To move the United States toward greater energy independence and security, the U.S. Department of Defense (DoD) seeks ways to reduce energy use intensity, electricity demand, and energy costs in its building portfolio, as required by legislation. One approach toward meeting this mandate is enhancing building controls to (1) minimize energy usage in response to occupancy schedules, (2) utilize weather forecasts to shift loads in advance of heat and cold waves, and (3) decrease expenses and increase revenue stream from the utility’s demand response (DR) programs. While building automation system (BAS) operators can readily achieve energy and cost savings for a few buildings through changes to the building controls, the task becomes more difficult to implement across a campus of buildings. Campus-wide savings are particularly complicated because even state-of-the-art BAS are incapable of coordinating electricity demand among buildings.

The objective of this project was to demonstrate the ability of a Collaborative Building Energy Management and Control (cBEMC) system to empower deep occupant-engagement that can achieve ongoing building energy savings and, on command, to obtain a targeted fast load-shedding relative to baseline building total load. Specifically, the team sought 30% HVAC energy savings and 20% of electric load reduction through the cBEMC deployment. Also tested were greenhouse gas emissions reduction, greater occupant control and engagement, and increased occupant comfort and satisfaction.

Technology Description

cBEMC is a vendor-independent software platform that enhances the capabilities of an existing BAS by actively engaging occupants in energy management and comfort control for their environment. These capabilities are designed to improve building energy efficiency and the ability to rapidly respond to fluctuations in the grid. In particular, the following innovations were introduced by cBEMC:

  • “cBEMC Controller” - a runtime software component that is integrated with BAS network and communicates with BAS server via Building Automation and Control Network Communication Protocol (BACnet protocol). It is also connected to a virtual private network exposing parts of its controlling functions to building occupants and facility management via Web Human-Machine Interface (HMI). cBEMC controller provides real-time methods for occupancy-based energy management, and comfort-based building environmental control to optimize building energy efficiency and to manage DR events.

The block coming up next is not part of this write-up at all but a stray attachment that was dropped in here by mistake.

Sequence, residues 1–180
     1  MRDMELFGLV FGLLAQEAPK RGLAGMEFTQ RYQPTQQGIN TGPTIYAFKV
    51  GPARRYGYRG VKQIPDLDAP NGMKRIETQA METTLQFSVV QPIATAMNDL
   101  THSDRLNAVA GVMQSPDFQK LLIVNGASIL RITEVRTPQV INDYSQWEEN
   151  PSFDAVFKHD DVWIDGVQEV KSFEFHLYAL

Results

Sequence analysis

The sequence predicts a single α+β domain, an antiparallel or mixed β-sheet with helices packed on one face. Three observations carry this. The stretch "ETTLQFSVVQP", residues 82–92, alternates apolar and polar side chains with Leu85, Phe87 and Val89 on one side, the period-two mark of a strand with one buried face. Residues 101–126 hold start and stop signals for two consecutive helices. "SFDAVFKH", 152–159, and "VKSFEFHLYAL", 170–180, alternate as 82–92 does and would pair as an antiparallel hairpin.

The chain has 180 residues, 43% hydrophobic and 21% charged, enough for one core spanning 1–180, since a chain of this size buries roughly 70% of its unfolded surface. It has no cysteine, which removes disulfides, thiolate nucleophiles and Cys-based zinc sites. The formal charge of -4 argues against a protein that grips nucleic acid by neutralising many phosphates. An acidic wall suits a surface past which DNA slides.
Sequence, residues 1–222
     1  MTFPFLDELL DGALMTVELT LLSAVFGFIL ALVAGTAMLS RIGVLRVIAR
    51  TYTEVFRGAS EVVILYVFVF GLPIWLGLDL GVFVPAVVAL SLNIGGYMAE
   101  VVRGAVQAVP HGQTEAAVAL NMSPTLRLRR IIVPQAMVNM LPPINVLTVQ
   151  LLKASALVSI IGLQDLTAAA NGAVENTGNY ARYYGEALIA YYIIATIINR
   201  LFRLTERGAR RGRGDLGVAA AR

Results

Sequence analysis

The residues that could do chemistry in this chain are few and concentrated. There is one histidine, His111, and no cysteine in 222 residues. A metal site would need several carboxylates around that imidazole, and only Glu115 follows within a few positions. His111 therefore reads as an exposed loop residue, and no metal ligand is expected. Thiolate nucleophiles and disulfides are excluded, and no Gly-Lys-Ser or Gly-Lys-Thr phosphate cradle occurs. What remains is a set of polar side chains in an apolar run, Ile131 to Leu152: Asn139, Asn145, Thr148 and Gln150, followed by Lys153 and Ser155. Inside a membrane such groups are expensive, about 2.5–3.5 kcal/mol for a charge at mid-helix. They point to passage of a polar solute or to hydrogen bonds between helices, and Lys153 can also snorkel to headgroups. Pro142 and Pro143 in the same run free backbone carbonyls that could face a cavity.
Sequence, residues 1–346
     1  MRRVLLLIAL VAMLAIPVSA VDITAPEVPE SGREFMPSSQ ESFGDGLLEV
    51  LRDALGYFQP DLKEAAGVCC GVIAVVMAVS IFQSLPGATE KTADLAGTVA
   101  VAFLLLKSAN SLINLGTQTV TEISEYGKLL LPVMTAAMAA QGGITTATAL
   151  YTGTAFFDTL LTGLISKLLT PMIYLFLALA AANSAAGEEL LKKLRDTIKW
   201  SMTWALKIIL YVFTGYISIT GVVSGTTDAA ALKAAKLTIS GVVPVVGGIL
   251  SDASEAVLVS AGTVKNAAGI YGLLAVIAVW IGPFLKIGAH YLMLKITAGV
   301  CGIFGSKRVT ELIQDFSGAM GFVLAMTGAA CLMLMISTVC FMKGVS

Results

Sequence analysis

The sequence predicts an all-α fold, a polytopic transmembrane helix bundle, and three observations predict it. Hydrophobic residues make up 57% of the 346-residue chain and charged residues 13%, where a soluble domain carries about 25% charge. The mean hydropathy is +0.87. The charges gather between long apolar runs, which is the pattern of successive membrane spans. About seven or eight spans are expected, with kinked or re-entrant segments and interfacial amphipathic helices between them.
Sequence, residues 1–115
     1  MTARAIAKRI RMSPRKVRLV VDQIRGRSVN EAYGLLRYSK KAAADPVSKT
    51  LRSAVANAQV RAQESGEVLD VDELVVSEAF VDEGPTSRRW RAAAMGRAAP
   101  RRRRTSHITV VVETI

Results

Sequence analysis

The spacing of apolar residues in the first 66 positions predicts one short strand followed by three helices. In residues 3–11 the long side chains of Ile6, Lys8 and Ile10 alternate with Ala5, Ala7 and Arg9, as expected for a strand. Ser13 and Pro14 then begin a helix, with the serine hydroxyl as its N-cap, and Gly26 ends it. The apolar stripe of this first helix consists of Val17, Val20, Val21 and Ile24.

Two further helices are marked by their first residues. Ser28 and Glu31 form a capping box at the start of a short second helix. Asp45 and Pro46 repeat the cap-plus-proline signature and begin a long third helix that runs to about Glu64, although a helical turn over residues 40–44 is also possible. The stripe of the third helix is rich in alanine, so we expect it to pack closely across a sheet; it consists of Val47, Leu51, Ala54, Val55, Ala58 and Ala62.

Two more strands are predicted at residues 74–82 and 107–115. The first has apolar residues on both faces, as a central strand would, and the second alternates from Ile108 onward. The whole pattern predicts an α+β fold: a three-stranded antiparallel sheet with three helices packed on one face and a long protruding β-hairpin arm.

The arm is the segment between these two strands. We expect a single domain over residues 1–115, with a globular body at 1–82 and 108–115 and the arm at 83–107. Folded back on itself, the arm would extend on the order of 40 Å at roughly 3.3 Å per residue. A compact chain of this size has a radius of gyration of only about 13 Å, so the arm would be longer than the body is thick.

• Social network-type participation of building occupants in energy efficiency and DR events.
  • HMI for social interaction among building occupants.
  • Visualization of energy centric results to promote healthy competition among building occupants for energy reduction.
  • Dynamic DR capability to achieve rapid target load shedding capacity in response to grid or microgrid needs.

Demonstration Results

The project team deployed and demonstrated cBEMC at Building 300 of the 171st Air Refueling Wing of the Pennsylvania Air National Guard located at the Pittsburgh International Airport in Coraopolis, Pennsylvania. A series of system tests were conducted to measure the performance of cBEMC with reference to a baseline conditions. The tests were grouped into two test scenarios – energy efficiency (EE) scenario and DR scenario. Two weeks of real data coupled with one year of Transient System Simulation platform (TRNSYS) simulation were used for the performance analysis. The table below provides the summary of the overall achievements for each performance objective.


Success Criteria

Performance Assessment

Quantitative Performance Objectives

PO 1: Building Energy Use Reduction

30% annual reduction in HVAC energy usage and 10% annual reduction for overall building energy consumption.

Partially achieved.

Average reduction achieved was 14% and the best case scenario of 22% HVAC reduction.

Corresponding overall energy reduction (including electricity) were 10.4% and 15.8%, respectively.

PO 2: Facility Electric Load Shedding

Load shedding by 20% within 15 minutes lasting for 60 minutes

Partially achieved.

Over three DR test average kW/kWh reduction achieved was 28%

PO 3: Scope 2 GHG Emissions

20% reduction

Target was achieved.

Reduction achieved was 20%

PO 4: System Economics

Simple payback in 5 years

Not achieved.

Qualitative Performance Objectives

PO 5: Occupant Control and DSM

softThermostat used weekly by occupants; and real time use for setback and DR

Partially achieved.

PO 6: Occupant Comfort and Satisfaction

Improvements in occupant satisfaction; IEQ measurement meets ASHRAE standards


PO 7: FM / Operator Feedback

Averaged rating greater than 5 (out of 7); and desire of FM to continue using the system


ASHRAE = American Society for Heating, Refrigerating and Air Conditioning Engineers DSM = demand side management FM = facility manager GHG = greenhouse gas HVAC = heating, ventilation, and air conditioning IEQ = indoor environmental quality

Implementation Issues

This project demonstrated the feasibility of a secure integration of individual building controls to a central campus energy management center in a secure network environment. As is common when designing and implementing control technologies that have a wide range of capabilities, field conditions are not always optimal to fully “test drive” a technology’s controls and algorithms. The team was not able to achieve some of the objectives due to several onsite constraints; whereas, some objectives were only partially achieved. In spite of the constraints, cBEMC performed as expected most of the time and the system increased energy awareness among building occupants.